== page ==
Notice Red & Yellow Paint Dots When Installing Tires

2018.09.10

Looking at the DOT number on the sidewall of your tire will give you the information needed to locate its manufacturing facility. While looking at the sidewall, you may have noticed something else you didn’t recognize. If your tires are new or recently installed, you may have noticed a couple of red and yellow paint dots.

If you think you’re just seeing spots, don’t worry – that’s completely normal. The spots on the sidewall of your tires were specifically placed by the manufacturer to guide the tire installation process. In fact, these colored dots serve a specific purpose in helping the tire technician correctly balance the tire.

Creating a tire that is perfectly balanced and perfectly round is nearly impossible. Manufacturers make sure to label these inconsistencies with dots, so they can be corrected during the mounting process. Not all tires have these temporary markings and it’s also uncommon to see them on used tires because they can get scuffed off easily.

Most people will have their tires installed by a seasoned tire technician to ensure that mounting and balancing are done properly. Tire mounting and balancing requires special tire machines and balancing process involving weights, lubricants, valve stems, and other things the average person doesn’t normally have on hand.

Because the process is so specific, it’s important to know whether your tires are being mounted correctly or not. That’s where the spots come in. Assuming you have them, there are two methods you can use to determine whether your tires were mounted correctly or not.

Weight method

First, locate the valve stem on the side of your tire. If it’s lined up with one of the colored dots, the person who mounted your tire took heed of the label and installed it correctly. If the valve stem is located at the heaviest point on the tire, it will be lined up with a yellow dot on the sidewall. When a red dot is lined up with the valve stem you can assume that the valve is at the tire’s lightest point.

After a tire is mounted, its balance is checked on an automated machine that will locate any lighter weight areas. The machine will notify the tire technician to install tire weights at various points around the rims perimeter to balance the tire.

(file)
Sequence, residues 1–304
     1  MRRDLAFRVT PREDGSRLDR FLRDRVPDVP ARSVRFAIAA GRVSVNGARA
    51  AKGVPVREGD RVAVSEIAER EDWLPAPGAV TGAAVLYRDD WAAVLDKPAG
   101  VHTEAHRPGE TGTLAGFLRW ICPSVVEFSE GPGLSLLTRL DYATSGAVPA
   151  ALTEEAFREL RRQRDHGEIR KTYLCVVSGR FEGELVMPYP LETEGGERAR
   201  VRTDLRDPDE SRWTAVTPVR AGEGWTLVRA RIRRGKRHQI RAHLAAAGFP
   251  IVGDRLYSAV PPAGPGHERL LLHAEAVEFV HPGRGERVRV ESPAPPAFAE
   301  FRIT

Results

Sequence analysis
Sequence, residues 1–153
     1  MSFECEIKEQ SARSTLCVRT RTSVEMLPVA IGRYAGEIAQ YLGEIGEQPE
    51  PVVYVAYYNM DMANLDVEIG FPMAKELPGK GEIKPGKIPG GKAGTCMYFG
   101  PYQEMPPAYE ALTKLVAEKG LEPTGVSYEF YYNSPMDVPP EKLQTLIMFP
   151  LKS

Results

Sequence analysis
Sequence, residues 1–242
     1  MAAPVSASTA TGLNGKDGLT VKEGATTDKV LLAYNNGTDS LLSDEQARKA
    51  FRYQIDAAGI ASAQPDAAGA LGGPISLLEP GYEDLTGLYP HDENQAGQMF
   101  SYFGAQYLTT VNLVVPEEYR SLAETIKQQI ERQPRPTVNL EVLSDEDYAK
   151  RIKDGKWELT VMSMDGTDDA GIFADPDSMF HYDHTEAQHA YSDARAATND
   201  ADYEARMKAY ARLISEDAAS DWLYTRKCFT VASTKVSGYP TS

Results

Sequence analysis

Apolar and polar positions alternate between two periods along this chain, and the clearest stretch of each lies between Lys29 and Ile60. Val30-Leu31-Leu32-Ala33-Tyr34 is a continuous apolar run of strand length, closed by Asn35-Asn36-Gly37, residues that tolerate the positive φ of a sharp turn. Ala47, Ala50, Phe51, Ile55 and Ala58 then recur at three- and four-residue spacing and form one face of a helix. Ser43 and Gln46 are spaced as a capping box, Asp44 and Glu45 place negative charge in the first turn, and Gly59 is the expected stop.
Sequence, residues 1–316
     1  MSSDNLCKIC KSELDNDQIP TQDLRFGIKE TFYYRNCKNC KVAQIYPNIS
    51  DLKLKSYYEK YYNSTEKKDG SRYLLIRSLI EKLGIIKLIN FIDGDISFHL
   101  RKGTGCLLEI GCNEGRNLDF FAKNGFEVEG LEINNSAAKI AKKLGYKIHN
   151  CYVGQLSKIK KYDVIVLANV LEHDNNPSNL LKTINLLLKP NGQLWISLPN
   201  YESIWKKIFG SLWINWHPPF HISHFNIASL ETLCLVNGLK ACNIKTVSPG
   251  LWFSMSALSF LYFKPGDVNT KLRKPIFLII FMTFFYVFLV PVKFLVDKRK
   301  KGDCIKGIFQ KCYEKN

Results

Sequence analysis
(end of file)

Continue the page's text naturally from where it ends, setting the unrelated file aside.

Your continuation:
Uniformity Method

Your steering, traction, braking, and load support capabilities are all dependent on the radial force variation in your tire. Maximum radial force and runout (the difference between the highest and lowest weight points) is marked by a red dot. Radial force, as well as runout, should be minimized to ensure proper installation and guarantee a smooth ride.

The red dot may be aligned with a “dimple” on the exterior of the rim. This indicates a wheel’s low point and should be adhered to in the mounting process. By pairing a dot with either the lightest or heaviest weight area, you will achieve the optimum balance point during installation. If both colored dots are present, the red dot will take priority.

Check the following with your tire technician the next time you have new tires installed:

     Proper lubricant is used in the mounting process. If lubricant is not used, the bead areas will not seat and seal properly.

     Any dirt between hub and wheel has been cleaned. If the beads of the hub are not properly cleaned or buffed, air will leak from gaps that will inevitably form.

     Manufacturers marks have been properly aligned. Red and yellow dots, if present, should be in line with either the weight or uniformity mounting method.

     Proper wheel weights have been installed. If the weights placed on your wheel are not properly installed, they have a greater chance of falling off at high speeds. You will know if this has happened if you suddenly experience vibration while driving.

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